Going Concern – 3 weeks on

Businesses report to the world using financial statements. One assumption that underlies these statements is that the business has enough money to keep going without severely curtailing its operations for the foreseeable future. We call this a going concern. If management thinks the business will not last, the assumption is invalid, and the business should then be liquidated.

Businesses run out of money for a lot of reasons. They can make trade losses and not profits for several years. They can be denied loans, which means their monthly cash flows dry up –  debtors call in debts, and even though they are profitable yearly, they have to liquidate.

Most relevant to us today, and to us as lifters, is overtrading. A company tries to accommodate high demand, and produces so much that it needs more and more loans to meet this demand. But the interest on all these loans reduces net profit, which reduces the pool of money the company has to play with, which then requires further loans. So it’s a negative cycle. Eventually, they run out of cash and have to close shop. It’s a bit like overtraining -you exceed your ability to recover, and pick up injuries, until you total yourself/take a rest.


Where I’m at with the neck and back after 3 weeks off work: my ROM is better, but my pain is still hard to manage while studying and at a desk. I took a few days off the valium, using only as needed when exercise, heat and ibuprofen were ineffective, as I found my tolerance increasing quickly, and noticed myself going up to 10mg x3 daily. Also, the family doc, sister and med buddy said valium was very addictive, and had a lot of side effects. I substituted it for beers/vodka/whiskey, which has the same muscle relaxant effect. But 4-6 shots of vodka daily fine, right?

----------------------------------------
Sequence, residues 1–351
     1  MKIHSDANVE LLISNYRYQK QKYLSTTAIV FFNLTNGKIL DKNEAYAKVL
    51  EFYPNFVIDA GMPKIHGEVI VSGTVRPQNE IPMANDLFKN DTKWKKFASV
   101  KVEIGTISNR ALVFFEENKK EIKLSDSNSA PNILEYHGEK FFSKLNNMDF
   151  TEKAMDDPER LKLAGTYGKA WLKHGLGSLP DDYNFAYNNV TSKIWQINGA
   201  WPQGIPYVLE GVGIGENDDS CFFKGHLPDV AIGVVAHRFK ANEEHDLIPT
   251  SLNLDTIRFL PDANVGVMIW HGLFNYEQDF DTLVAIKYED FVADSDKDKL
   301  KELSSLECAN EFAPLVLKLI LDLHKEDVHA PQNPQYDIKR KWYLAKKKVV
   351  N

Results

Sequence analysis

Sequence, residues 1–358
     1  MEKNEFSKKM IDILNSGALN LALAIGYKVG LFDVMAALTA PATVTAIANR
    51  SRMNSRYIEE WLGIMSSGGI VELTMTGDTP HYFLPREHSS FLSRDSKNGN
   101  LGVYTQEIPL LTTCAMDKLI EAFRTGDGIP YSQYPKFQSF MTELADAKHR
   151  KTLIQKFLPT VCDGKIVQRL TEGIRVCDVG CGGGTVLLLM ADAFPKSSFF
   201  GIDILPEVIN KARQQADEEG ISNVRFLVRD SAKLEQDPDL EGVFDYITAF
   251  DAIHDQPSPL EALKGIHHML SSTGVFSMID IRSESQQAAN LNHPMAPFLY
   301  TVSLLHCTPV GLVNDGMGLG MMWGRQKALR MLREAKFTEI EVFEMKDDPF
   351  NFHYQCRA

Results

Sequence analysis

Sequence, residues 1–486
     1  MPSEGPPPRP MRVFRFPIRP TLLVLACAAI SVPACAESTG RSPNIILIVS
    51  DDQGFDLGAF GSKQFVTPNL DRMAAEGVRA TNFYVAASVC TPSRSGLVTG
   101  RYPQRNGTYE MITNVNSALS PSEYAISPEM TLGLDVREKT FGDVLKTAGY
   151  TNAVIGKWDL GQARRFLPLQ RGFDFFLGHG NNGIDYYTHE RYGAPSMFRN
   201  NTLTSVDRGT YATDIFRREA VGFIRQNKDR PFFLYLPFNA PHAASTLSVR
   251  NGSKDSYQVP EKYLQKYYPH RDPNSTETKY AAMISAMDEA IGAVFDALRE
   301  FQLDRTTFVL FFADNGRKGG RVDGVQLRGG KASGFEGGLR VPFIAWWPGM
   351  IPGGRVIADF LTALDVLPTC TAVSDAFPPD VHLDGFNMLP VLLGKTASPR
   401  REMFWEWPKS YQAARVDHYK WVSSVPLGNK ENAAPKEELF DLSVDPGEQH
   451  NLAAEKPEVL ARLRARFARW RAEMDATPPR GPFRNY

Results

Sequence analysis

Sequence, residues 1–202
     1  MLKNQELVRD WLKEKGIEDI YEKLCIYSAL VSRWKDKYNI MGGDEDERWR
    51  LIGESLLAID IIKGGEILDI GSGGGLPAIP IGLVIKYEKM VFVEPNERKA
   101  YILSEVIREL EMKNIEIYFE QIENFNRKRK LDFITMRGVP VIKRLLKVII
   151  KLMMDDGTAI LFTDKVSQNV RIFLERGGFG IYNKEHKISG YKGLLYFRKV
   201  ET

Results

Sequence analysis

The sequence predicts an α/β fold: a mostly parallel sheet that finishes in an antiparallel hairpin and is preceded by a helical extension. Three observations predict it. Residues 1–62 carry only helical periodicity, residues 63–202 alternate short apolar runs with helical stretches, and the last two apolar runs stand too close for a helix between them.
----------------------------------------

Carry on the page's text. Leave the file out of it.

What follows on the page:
I also tried coming off the strong NSAIDs today, but the pain was not manageable with heat, exercise and ibuprofen. So back on the valium and strong NSAIDs, and I cut back on study. This makes me worry about going back into work next week. I’m not getting any income from work at the moment, and the physio/doc/MRI/Consultant fees are eating up my savings. I was thankful I got insurance instead of a PC/PS4/XBONE last year, so that has taken some of the financial pressure off. But long term, I need to get back to work at a sustainable level.

Going Concern

Having a career and getting qualified is important to me. But I definitely have to take it easy in work. I’m overtrading on my health, and having liquidity issues regarding my will to live. I’ve noticed that depression symptoms and suicidal thoughts have gone up in the three weeks I’ve been off. I’d say they are strongly related to the injury and pain, and reduced when medication was used to control pain. There’s been a lot of uncertainty about the speed of the injury healing, and managing work and my career, if I want to stick the remaining 3 years in big 4 audit.